Distillation: What are Distillation Columns?

Types of Distillation Columns

There are many types of distillation columns, each designed to perform specific types of separations, and each design differs in terms of complexity.

Batch Columns

In batch operation, the feed to the column is introduced batch-wise. That is, the column is charged with a 'batch' and then the distillation process is carried out. When the desired task is achieved, a next batch of feed is introduced.

Continuous Columns

In contrast, continuous columns process a continuous feed stream. No interruptions occur unless there is a problem with the column or surrounding process units. They are capable of handling high throughputs and are the most common of the two types. We shall concentrate only on this class of columns.

Types of Continuous Columns

Continuous columns can be further classified according to:

the nature of the feed that they are processing

the number of product streams they have

where the extra feed exits when it is used to help with the separation

the type of column internals

Main Components of Distillation Columns

Distillation columns are made up of several components, each of which is used either to tranfer heat energy or enhance materail transfer.
A typical distillation contains several major components:

The vertical shell houses the column internals and together with the condenser and reboiler, constitute a distillation column. A schematic of a typical distillation unit with a single feed and two product streams is shown below:

Basic Operation and Terminology

The liquid mixture that is to be processed is known as the feed and this is introduced usually somewhere near the middle of the column to a tray known as the feed tray. The feed tray divides the column into a top (enriching or rectification) section and a bottom (stripping) section. The feed flows down the column where it is collected at the bottom in the reboiler.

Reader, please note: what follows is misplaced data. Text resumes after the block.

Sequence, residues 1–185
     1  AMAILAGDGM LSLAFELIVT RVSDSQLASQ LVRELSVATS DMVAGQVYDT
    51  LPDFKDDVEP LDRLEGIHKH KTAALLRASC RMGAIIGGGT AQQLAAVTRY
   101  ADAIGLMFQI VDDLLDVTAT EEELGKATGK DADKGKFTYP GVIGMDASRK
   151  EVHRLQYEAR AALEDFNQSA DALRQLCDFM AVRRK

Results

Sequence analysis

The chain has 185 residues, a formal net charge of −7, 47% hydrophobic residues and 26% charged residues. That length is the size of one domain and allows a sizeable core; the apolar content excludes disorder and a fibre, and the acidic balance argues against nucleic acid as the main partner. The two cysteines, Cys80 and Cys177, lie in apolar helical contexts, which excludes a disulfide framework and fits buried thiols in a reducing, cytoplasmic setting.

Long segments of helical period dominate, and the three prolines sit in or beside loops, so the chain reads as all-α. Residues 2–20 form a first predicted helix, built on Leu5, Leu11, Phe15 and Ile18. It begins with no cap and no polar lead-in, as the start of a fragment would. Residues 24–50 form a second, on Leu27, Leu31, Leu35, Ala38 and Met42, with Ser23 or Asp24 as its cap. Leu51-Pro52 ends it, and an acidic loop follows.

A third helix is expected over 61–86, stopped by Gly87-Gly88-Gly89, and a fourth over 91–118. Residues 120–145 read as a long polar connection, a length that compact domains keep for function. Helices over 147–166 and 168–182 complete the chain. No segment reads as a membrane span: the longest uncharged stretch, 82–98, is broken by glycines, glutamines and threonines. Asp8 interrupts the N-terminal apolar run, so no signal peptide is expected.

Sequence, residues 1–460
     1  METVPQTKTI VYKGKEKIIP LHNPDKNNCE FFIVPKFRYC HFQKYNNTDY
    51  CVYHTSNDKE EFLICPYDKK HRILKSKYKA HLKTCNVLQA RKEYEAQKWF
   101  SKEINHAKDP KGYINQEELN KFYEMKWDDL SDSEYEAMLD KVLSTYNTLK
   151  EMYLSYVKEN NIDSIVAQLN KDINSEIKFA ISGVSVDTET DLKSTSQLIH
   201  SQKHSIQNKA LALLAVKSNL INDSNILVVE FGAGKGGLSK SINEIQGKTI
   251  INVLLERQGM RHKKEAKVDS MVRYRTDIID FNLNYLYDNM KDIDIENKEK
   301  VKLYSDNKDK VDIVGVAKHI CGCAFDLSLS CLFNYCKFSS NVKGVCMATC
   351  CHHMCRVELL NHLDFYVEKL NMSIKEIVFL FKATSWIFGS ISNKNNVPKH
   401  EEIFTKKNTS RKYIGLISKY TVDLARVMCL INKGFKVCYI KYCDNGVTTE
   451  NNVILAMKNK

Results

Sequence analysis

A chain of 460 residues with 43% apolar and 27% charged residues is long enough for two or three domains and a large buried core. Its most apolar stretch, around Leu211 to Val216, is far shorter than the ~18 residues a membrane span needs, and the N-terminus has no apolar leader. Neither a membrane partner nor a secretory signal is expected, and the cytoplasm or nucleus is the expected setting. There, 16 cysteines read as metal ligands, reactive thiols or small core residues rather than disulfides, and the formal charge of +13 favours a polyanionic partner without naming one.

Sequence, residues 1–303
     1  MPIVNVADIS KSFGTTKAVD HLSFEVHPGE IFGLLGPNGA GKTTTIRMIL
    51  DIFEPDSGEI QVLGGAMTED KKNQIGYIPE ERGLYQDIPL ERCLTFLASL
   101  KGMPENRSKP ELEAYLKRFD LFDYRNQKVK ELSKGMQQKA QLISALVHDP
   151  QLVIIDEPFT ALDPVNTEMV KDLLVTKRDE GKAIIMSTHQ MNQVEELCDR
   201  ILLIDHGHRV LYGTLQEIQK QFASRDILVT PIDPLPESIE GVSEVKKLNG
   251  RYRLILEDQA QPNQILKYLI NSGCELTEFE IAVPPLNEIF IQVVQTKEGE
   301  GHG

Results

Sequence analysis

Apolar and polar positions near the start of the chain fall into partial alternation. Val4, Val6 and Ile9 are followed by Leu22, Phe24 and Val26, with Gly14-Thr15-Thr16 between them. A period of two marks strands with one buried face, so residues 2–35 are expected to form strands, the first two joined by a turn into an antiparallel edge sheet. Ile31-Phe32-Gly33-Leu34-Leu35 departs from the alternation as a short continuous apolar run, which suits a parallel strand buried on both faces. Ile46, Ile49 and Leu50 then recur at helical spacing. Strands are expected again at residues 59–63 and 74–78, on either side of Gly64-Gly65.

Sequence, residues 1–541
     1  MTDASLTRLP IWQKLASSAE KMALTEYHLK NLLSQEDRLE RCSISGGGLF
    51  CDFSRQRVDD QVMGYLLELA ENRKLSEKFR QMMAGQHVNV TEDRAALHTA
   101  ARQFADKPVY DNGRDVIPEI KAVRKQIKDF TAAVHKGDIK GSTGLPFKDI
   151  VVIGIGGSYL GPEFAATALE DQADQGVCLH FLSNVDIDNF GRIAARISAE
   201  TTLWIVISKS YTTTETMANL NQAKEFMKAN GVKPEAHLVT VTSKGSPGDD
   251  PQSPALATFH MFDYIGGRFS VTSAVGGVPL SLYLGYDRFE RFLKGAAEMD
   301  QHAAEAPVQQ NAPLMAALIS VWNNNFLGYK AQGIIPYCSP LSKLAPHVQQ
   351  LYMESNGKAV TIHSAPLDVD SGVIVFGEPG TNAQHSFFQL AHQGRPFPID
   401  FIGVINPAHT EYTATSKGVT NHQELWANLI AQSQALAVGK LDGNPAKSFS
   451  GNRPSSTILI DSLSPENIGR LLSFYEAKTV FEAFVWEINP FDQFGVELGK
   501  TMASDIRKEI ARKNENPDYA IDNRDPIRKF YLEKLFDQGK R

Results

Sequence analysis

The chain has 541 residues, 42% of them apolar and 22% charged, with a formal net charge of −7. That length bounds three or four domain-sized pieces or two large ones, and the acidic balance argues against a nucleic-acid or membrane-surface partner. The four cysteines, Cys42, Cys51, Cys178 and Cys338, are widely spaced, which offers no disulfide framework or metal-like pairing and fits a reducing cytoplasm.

Heat is supplied to the reboiler to generate vapour. The source of heat input can be any suitable fluid, although in most chemical plants this is normally steam. In refineries, the heating source may be the output streams of other columns. The vapour raised in the reboiler is re-introduced into the unit at the bottom of the column. The liquid removed from the reboiler is known as the bottoms product or simply, bottoms.

The vapour moves up the column, and as it exits the top of the unit, it is cooled by a condenser. The condensed liquid is stored in a holding vessel known as the reflux drum. Some of this liquid is recycled back to the top of the column and this is called the reflux. The condensed liquid that is removed from the system is known as the distillate or top product.

Thus, there are internal flows of vapour and liquid within the column as well as external flows of feeds and product streams, into and out of the column.

Part 1: What are Distillation Columns?

Part 2: Distillation Column: Column Internals

For a more expanded article about distillation, please visit:

Graphic courtesy of Bismarck State College National Energy Center of Excellence